A system of deception and fraud detection using reliable linguistic cues including hedging, disfluencies, and repeated phrases
AuthorHumpherys, Sean L.
decision support systems
AdvisorNunamaker, Jay F.
Burgoon, Judee K.
Committee ChairNunamaker, Jay F.
MetadataShow full item record
PublisherThe University of Arizona.
RightsCopyright © is held by the author. Digital access to this material is made possible by the University Libraries, University of Arizona. Further transmission, reproduction or presentation (such as public display or performance) of protected items is prohibited except with permission of the author.
AbstractGiven the increasing problem of fraud, crime, and national security threats, assessing credibility is a recurring research topic in Information Systems and in other disciplines. Decision support systems can help. But the success of the system depends on reliable cues that can distinguish deceptive/truthful behavior and on a proven classification algorithm. This investigation aims to identify linguistic cues that distinguish deceivers from truthtellers; and it aims to demonstrate how the cues can successfully classify deception and truth.Three new datasets were gathered: 202 fraudulent and nonfraudulent financial disclosures (10-Ks), a laboratory experiment that asked twelve questions of participants who answered deceptively to some questions and truthfully to others (Cultural Interviews), and a mock crime experiment where some participants stole a ring from an office and where all participants were interviewed as to their guilt or innocence (Mock Crime). Transcribed participant responses were investigated for distinguishing cues and used for classification testing.Disfluencies (e.g., um, uh, repeated phrases, etc.), hedging words (e.g., perhaps, may, etc.), and interjections (e.g., okay, like, etc.) are theoretically developed as potential cues to deception. Past research provides conflicting evidence regarding disfluency use and deception. Some researchers opine that deception increases cognitive load, which lowers attentional resources, which increases speech errors, and thereby increases disfluency use (i.e., Cognitive-Load Disfluency theory). Other researchers argue against the causal link between disfluencies and speech errors, positing that disfluencies are controllable and that deceivers strategically avoid disfluencies to avoid appearing hesitant or untruthful (i.e., Suppression-Disfluency theory). A series of t-tests, repeated measures GLMs, and nested-model design regressions disconfirm the Suppression-Disfluency theory. Um, uh, and interjections are used at an increased rate by deceivers in spontaneous speech. Reverse order questioning did not increase disfluency use. Fraudulent 10-Ks have a higher mean count of hedging words.Statistical classifiers and machine learning algorithms are demonstrated on the three datasets. A feature reduction by backward Wald stepwise with logistic regression had the highest classification accuracies (69%-87%). Accuracies are compared to professional interviewers and to previously researched classification models. In many cases the new models demonstrated improvements. 10-Ks are classified with 69% overall accuracy.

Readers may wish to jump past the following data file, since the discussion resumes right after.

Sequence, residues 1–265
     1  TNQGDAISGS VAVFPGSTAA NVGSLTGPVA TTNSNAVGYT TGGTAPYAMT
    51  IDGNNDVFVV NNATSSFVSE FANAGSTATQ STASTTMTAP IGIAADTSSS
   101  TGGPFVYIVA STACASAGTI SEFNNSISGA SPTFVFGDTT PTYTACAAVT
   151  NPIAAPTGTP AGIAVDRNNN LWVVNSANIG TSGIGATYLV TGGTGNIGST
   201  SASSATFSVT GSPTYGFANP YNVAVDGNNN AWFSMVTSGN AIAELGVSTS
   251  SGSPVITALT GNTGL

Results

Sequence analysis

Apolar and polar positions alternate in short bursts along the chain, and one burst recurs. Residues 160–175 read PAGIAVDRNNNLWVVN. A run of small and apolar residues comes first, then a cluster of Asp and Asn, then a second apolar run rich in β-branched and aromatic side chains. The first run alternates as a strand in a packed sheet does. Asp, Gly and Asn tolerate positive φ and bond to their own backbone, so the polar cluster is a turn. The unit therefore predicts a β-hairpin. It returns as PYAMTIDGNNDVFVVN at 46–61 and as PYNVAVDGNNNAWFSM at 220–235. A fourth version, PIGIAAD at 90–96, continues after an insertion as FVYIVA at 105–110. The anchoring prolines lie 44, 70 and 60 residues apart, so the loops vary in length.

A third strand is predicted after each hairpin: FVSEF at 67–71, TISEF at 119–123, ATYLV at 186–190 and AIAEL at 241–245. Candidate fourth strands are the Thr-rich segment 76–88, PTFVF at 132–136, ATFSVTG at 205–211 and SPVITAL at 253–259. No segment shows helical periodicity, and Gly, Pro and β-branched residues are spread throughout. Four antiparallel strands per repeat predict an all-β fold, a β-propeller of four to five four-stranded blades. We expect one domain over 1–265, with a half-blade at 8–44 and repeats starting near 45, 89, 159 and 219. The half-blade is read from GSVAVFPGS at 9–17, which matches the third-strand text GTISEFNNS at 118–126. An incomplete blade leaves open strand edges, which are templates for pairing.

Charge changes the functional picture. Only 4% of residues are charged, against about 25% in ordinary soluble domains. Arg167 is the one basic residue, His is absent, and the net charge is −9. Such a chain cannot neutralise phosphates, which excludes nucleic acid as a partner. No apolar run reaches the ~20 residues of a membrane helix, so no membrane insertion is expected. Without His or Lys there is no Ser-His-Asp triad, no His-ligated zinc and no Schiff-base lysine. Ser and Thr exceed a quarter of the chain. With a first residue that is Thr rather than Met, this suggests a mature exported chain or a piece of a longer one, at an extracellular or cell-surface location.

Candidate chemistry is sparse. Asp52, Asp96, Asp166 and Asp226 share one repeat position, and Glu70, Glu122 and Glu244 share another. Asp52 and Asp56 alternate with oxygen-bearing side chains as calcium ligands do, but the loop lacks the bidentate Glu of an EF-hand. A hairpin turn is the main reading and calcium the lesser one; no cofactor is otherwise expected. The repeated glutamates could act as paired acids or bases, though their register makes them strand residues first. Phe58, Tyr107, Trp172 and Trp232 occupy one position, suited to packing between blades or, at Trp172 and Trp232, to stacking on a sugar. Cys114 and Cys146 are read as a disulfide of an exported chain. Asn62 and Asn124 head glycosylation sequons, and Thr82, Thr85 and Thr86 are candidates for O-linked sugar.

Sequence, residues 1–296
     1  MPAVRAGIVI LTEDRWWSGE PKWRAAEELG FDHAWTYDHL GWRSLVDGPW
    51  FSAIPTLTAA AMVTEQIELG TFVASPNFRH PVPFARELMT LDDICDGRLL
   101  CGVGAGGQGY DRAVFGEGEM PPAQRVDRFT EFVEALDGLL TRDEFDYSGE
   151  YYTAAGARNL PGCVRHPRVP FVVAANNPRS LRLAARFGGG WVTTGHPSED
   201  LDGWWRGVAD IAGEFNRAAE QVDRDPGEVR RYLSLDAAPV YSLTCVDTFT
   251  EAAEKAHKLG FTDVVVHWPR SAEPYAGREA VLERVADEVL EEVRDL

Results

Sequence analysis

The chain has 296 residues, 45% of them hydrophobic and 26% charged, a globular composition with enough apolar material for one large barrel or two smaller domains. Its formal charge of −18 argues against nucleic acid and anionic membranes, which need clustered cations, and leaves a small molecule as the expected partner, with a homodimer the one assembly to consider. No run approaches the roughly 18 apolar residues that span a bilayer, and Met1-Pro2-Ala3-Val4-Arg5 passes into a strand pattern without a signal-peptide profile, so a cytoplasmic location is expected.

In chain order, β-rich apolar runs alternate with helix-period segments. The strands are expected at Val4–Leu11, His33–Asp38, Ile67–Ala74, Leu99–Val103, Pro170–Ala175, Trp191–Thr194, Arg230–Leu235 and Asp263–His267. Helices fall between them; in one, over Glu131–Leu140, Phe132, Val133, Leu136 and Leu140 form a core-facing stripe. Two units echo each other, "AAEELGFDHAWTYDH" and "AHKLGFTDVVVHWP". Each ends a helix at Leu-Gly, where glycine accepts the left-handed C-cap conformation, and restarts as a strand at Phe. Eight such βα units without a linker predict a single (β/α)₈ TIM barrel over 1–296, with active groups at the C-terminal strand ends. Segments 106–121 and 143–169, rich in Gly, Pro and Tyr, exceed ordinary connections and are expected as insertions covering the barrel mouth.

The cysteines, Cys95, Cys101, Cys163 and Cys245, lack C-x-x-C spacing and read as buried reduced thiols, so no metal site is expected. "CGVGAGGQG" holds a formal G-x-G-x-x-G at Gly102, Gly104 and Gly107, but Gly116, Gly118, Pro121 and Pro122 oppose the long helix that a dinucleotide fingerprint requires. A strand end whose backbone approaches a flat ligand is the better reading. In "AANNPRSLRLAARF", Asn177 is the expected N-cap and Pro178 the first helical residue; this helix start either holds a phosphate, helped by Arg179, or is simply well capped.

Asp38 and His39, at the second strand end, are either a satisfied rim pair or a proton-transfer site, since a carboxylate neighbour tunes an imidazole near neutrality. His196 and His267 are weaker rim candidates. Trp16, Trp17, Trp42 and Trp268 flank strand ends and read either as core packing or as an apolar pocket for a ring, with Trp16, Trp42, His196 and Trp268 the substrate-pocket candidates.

Degree ProgramManagement Information Systems